Climate change deniers have never had as much power in DC as they do under this administration. Trump’s EPA Administrator Scott Pruitt actually went on TV to say that he doesn’t think carbon dioxide is the primary cause of global warming. This isn’t an accident, but the result of a long-term strategy executed by a network of well-funded conservative operatives.
Trump’s election gave them a chance to strike a blow against protections for the environment and public health — and they are taking it.
5. We need more investment in scientific research — not less.
Trump’s proposed budget would decimate critical scientific research in the United States. Earth systems research at the EPA, NASA and NOAA (including crucial satellite observation programs) would see massive cuts. Government support for clean energy research could disappear. Even medical research at the NIH is on the chopping block.
All of these cuts are shockingly short-sighted, and they could mean that the United States will no longer be on the cutting edge for certain fields of research.
6. We need a strong federal scientific workforce.
From CDC experts tracking disease outbreaks, to NOAA’s hurricane-hunters and FWS’s wildlife experts, the federal government is the place where scientific knowledge gets put into action.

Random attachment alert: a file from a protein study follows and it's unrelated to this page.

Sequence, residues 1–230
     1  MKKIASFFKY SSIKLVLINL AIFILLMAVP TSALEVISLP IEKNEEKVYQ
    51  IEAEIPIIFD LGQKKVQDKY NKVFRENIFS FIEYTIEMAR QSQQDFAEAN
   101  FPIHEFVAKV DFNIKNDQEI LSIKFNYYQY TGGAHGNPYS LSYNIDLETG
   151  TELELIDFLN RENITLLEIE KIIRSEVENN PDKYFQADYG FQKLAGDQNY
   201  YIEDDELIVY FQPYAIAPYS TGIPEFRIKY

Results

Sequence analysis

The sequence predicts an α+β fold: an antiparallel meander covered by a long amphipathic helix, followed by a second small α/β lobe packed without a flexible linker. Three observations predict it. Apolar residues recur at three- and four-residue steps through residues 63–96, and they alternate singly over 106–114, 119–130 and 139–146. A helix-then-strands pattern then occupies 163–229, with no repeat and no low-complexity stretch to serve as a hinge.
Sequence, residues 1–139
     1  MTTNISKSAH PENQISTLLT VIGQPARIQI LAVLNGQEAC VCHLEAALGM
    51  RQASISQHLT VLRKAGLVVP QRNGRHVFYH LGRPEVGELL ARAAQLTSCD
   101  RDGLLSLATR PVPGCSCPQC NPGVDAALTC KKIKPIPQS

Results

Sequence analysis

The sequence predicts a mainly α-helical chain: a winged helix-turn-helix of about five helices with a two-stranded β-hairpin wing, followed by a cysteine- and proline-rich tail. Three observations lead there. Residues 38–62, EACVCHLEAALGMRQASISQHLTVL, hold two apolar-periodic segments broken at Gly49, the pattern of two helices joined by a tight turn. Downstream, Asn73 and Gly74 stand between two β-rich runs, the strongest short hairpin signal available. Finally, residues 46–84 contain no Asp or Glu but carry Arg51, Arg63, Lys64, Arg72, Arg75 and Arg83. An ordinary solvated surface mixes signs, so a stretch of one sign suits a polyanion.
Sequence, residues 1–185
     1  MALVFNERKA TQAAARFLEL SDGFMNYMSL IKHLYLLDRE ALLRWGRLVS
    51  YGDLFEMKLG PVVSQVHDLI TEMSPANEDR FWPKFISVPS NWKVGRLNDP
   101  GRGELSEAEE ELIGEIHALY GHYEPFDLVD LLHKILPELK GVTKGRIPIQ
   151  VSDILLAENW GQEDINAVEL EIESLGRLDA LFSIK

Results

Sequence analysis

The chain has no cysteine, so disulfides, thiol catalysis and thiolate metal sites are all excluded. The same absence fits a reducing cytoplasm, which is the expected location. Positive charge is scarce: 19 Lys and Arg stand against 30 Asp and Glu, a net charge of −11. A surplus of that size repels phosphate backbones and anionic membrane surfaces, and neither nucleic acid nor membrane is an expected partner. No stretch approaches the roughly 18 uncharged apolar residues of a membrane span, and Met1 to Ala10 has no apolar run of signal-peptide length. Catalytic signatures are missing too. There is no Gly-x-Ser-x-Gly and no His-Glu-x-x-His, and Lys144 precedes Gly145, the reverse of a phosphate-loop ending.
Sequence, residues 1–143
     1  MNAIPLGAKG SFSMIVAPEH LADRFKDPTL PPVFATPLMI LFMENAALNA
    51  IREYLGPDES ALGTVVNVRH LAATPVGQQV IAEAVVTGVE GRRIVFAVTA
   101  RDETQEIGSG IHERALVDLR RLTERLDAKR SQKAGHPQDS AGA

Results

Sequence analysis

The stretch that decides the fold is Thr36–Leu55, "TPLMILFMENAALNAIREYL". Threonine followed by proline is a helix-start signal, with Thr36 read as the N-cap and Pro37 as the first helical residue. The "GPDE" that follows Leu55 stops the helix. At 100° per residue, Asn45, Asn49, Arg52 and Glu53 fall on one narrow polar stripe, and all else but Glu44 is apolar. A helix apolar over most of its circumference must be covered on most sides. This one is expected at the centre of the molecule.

We rely on these scientists to protect our shared environment, keep us all healthy, and ensure that the government decision making runs on credible information — not wishful thinking.
7. We need strong science-based policy-making.
Under the Bush administration, political appointees interfered with the work of federal scientists in order to influence policy outcomes. President Obama put in place policies to protect the scientific integrity of government science, but we are starting to see some of the same problems surface again under Trump.
Science is never the only ingredient in smart policy making, but the integrity of science in that process must be protected from political interference.
8. Science has not always been a positive force, and we can do better.
The March for Science has brought forward important conversations about equity, diversity, inclusion, human rights, and social justice within the the scientific community. Too often, science has not been a welcoming field for women and people of color, and incidents like the U.S. Public Health Service’s shameful Tuskegee Study have shown that science can only function and be broadly trusted when it is inclusive.
The Universal Declaration of Human Rights lays out a goal for science when it states that “everyone has the right to … share in scientific advancement and its benefit.”
9. Science is under attack like never before, and scientists taking to the streets is a necessary act of resistance.
Let’s be clear — the politicization of science is happening whether we like it or not, driven and funded by powerful interest groups.
A strong democracy needs science, just as science needs a strong democracy. And in a democracy, there’s really no shortcut to speaking your mind and resisting when necessary. This weekend, scientists — like many of us in the age of Trump — will be out on the streets showing us how it’s done.